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Here are some of the beers on their online store at the moment.

Sundown is a lovely hoppy ale, ITI is a New Zealand session pale ale, Brodie’s Prime Export is a big stout (I have one ready to drink soon as you can see above), Damson Stout is one I’ve not had yet and the same goes for Wild Wheat, a wheat beer with Motueka hops re-fermented with wild yeast.

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Jingle Fells is their festively spiced ale, (above right), the Dry Stone Stout (above left) is easy drinking with smoky notes. And the Solar Sour (above middle) is a supreme session sour. Mojito is a new sour IPA which I haven’t opened yet, and I’m also looking forward to the Tiramisiu Imperial Stout and Tonka (brewed with Tonka beans not Tonka toys).

Great White is a cracking wheat beer with spicy notes and NZ hops poking through, the IPA is a hoppy beast and the NZPA is similarly hoppy. The Cumbrian 5 Hop also follows in their footsteps. Key Lime Tau, the result of a previous Rainbow Project collaboration with Crooked Stave, is now a core beer, and is packed full of zingy lime loveliness. The Chuckleberry Sour is also a nice sour fruit beer.

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Their “standard” range, Bitter, Red, Lager, Windermere Pale and Lakeland Gold are all also good if you are a bit less adventurous.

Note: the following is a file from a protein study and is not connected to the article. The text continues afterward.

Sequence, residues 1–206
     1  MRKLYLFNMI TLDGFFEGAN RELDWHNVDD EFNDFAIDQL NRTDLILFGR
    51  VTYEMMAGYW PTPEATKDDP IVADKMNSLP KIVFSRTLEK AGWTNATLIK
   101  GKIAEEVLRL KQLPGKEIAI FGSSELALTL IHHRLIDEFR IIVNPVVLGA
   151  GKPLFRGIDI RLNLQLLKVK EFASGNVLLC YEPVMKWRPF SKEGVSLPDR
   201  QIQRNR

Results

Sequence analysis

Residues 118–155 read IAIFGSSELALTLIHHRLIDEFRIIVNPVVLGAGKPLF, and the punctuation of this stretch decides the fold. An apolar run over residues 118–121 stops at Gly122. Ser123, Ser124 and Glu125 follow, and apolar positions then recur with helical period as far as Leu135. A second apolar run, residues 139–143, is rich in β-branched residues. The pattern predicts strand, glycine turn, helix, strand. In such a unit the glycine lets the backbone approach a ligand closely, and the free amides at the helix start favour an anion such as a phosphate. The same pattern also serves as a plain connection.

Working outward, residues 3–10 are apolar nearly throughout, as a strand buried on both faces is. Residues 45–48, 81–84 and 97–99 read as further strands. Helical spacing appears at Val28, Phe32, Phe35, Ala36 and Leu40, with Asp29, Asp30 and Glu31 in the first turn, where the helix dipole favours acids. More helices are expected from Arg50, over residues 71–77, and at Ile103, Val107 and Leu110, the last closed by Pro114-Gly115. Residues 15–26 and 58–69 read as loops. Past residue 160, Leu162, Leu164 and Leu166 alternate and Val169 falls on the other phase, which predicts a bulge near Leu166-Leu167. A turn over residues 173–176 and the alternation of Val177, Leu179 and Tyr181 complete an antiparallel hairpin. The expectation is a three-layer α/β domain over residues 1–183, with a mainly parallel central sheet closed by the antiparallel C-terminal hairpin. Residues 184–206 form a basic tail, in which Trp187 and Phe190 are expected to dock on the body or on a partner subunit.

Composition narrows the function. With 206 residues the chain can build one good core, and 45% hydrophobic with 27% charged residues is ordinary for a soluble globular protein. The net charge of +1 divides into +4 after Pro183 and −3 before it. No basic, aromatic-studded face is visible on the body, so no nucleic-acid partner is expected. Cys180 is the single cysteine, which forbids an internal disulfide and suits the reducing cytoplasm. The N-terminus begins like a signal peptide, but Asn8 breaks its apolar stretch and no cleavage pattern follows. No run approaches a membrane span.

There’s something for everyone to choose from. You can pick and mix a case of 12 (2 cans counts as 1 bottle) or you can buy a pre-mixed case or a case of just one of the beers. Buy online at http://www.hawksheadbrewery.co.uk/beer-shop.c.aspx

The Needle & Pin Craft Beer Club – sour beer selection box #1 – November 2017

If you cast your mind back to June 2017, my favourite pub The Needle & Pin held its first sour beers night where we travelled from Sweden to Newcastle to Belgium via Buxton and Baltimore, and then Reading, Leeds and London all via the medium of funky, tart, sweet and sour beer.

Following on from this, they have been selling a lot of sours, saisons, gose, Gueuze and Lambic beers, and demand has grown for a Sour Beer Club, to complement the existing Craft Beer Club and Dark Beer Club.

This then is the first selection of weird and wonderful and very different beers.

Brouwerij 3 Fonteinen – Oude Geuze – 6%

A true Geuze – a blend of 1, 2, and 3 year-old lambic, unfiltered and unpasteurized, and aged in the bottle for at least a year after blending. Refermentation in the bottle gives this Geuze its famous champagne-like spritziness. The lambic that goes into it is brewed only with 60% barley malt, 40% unmalted wheat, aged hops, and water, spontaneously fermented by wild yeasts, and matured in oak casks.

Brekeriet – Rhuboise – 6%

A fruity, tart and elegant ale with brettanomyces yeast. Loads of raspberries and rhubarb are added during the secondary fermentation at this interesting brewery in Landskrona, Sweden.

Dugges x Stillwater Artisinal – Mango Mango Mango – 4.5%

This collaboration with Stillwater Artisanal explores the true depth of mango flavour. Three layers of taste and aroma from fruit and hops. Go mango go! If you’re going to put fruit in a beer, there’s no better fruit to use than mango. At least that’s what Magnus at Dugges Bryggeri says. So, when there was time for another Dugges x Stillwater Artisanal collaboration, Magnus posed the idea of a mango beer to Brian of Stillwater. Turns out, Brian had the same ideas about mango and beer as Magnus. To make it sour was an easy decision. The mango flavour comes from two types of mango and mosaic hops. Mango, mango, mango!

Good Chemistry – Field Work – 5.1%